Print this page

Elizabeth Kruger: Blushing Banksias

Elisabeth Kruger, Blushing Banksias & Untitled Landscape, (Two Trees)

The Artist

Born in 1955 in New Caledonia, Elisabeth Kruger studied and trained in Canberra and graduated from the ANU School of Art. Her first solo exhibition was at the Craft Association of the ACT in 1978. Elisabeth went on to work and exhibit extensively in Australia and abroad. In 198, Elisabeth was awarded the prestigious Moet & Chandon Art Fellowship Prize and in 1990, she was the recipient of the Studio Residency from the Visual Arts/Craft Board of the Arts Council. This was undertaken in Besezzo, Italy.

Elisabeth has held many exhibitions in both commercial and public galleries. These include Sulman Prize, Art Gallery of New South Wales (1999); Salon des Refuses,  SH Ervin Gallery, New South Wales (1999 and 1997); Mulch and Metaphors, Mornington Peninsula Regional Gallery, Victory, 1997, Portia Geach, SH Ervin Gallery, New South Wales (1997), Adelaide Biennalle of Australian Art,  Art Gallery of South Australia (1990). Her works also appear in major public collections including the National Gallery of Australia, the National Gallery of Victoria, Artbank, the Legislative Assembly, ANZ Bank Art Collection and the Moet and Chandon Art Collection in France.

Blushing Banksias

The Work of Art: Blushing Banksias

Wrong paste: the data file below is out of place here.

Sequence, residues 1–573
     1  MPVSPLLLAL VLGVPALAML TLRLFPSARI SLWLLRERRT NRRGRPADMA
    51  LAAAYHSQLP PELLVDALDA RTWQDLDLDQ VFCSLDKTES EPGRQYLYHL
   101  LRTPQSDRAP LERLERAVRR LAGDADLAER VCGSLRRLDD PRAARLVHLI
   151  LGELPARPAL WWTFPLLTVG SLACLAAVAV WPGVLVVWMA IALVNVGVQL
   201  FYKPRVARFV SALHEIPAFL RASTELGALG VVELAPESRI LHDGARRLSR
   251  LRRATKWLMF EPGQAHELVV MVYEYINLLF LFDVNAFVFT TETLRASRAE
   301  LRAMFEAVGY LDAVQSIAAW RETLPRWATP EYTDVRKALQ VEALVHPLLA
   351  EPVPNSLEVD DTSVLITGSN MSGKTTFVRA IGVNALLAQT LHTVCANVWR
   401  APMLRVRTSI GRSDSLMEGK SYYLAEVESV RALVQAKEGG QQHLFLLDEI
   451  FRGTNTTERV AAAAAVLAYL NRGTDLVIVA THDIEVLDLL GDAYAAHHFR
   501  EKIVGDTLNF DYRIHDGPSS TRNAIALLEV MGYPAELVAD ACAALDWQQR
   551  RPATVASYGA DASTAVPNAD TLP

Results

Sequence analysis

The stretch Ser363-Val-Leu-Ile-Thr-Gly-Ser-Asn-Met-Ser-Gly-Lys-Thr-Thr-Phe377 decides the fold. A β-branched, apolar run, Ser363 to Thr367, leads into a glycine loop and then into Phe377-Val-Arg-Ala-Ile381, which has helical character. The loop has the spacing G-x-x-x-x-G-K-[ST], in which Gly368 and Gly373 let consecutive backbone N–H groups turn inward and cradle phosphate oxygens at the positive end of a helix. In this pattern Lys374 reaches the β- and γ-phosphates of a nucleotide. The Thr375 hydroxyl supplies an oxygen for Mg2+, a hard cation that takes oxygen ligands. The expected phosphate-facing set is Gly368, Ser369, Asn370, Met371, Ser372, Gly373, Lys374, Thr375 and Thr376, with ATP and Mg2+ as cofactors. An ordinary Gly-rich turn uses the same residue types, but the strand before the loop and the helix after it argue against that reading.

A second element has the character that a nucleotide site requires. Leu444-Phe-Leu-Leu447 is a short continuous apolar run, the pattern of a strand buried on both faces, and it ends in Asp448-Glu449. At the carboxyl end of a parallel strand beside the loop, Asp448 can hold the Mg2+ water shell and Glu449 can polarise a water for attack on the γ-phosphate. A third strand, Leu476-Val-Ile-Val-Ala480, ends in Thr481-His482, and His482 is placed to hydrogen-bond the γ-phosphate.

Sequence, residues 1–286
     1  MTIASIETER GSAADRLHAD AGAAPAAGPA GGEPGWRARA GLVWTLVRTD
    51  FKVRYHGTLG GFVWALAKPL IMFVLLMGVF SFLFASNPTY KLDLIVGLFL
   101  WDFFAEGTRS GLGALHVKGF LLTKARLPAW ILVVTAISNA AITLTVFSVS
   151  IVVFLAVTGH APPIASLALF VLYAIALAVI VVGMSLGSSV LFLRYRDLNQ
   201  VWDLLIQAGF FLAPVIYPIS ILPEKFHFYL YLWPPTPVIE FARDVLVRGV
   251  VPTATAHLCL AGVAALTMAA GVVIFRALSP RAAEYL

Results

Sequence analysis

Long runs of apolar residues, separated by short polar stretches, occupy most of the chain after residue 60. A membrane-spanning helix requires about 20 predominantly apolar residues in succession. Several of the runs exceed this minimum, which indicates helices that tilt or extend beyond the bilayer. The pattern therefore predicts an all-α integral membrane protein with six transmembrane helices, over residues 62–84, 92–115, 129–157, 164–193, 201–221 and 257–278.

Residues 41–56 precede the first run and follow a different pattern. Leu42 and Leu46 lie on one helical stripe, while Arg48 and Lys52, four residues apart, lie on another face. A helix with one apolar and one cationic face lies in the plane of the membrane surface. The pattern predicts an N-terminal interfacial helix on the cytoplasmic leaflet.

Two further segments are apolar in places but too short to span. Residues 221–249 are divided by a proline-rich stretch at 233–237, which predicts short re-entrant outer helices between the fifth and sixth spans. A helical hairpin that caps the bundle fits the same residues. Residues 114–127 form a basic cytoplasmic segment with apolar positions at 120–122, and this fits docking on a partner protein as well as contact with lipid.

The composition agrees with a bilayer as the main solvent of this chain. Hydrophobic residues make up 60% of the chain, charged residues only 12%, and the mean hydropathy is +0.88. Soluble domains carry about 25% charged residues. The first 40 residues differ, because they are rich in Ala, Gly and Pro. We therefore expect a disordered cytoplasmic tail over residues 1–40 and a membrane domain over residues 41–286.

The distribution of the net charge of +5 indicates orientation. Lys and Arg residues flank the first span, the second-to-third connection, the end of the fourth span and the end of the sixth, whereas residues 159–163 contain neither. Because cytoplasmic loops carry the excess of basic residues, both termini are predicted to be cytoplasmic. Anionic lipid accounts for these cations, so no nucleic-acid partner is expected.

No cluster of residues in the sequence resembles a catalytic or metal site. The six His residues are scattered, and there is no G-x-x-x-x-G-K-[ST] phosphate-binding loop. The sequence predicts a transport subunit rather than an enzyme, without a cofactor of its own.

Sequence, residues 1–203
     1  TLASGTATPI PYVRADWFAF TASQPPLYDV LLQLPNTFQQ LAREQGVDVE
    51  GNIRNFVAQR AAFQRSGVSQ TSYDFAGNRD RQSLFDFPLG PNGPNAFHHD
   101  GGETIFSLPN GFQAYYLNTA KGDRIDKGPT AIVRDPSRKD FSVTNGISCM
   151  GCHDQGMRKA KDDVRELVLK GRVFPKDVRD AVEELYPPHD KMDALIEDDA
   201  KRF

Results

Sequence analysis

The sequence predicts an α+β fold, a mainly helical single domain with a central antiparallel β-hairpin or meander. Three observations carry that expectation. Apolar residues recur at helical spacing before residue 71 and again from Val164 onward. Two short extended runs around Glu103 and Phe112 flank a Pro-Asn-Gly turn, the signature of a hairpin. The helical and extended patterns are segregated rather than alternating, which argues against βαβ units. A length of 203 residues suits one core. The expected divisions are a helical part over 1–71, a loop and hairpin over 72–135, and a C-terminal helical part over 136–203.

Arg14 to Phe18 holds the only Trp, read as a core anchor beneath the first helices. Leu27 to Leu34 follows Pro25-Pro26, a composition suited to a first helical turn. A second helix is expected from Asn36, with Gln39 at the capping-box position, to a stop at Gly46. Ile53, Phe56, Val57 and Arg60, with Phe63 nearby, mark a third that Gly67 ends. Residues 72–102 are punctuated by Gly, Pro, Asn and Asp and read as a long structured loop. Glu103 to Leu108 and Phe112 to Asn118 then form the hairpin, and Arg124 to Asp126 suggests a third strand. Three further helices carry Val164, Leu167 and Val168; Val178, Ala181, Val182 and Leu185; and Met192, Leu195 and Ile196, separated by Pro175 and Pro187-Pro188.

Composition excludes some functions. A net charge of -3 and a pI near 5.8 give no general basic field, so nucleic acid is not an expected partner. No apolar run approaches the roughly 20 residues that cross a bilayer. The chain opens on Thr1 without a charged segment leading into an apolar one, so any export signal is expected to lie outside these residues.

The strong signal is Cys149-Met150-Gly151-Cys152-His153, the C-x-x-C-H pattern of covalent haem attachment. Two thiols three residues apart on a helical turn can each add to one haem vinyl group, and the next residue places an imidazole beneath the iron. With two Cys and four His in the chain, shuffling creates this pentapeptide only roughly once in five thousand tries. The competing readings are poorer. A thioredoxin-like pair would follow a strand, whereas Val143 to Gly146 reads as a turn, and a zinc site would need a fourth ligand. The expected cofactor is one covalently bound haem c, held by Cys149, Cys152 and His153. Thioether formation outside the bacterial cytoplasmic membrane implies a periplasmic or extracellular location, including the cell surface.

Why are Elisabeth Kruger's works so popular and sought after? It is Elisabeth's talent as an oil painter. Her extensive set of technical and artistic skills have led to very vivid and realistic still life portrayals of flowers.  Elisabeth applies thin glazes of paint to create deep visual and subtle textures.  Elisabeth has been greatly influenced by her background in textile art and quilting which drew her to the decorative arts and its activation of the intellect through visual stimuli. Her fascination with the European aesthetic is linked to their manipulation of landscape, the shaping of structures to achieve defined visual form. She has a personal passion for gardens, a theme that has recurred throughout her career, as a symbol of change and renewal. With this in mind, the audience must consider that, though her subject matter deals exclusively with nature, the human element is always present.

From the ANU Drill Hall Gallery's exhibition, On Beauty held back in 2010, Helen Maxwell writes of Kruger's exhibited works as being fluid, seamless and belying endless, experiment, experience,  practice, observation and emotion that coalesce onto the canvas.

The second work of art by Elizabeth Kruger, is a small untitled landscape with two tall gum trees. The work was produced using gouache acrylic onto a wooden surface that was sanded down. The work was created around 1990 and was part of an exhibition that won Kruger the Moet Chandon prize for art.  The work itself resembles an old masters landscape with a coloured sheen from the varnish.  Elisabeth Kruger's works are represented across many Australian collections and galleries.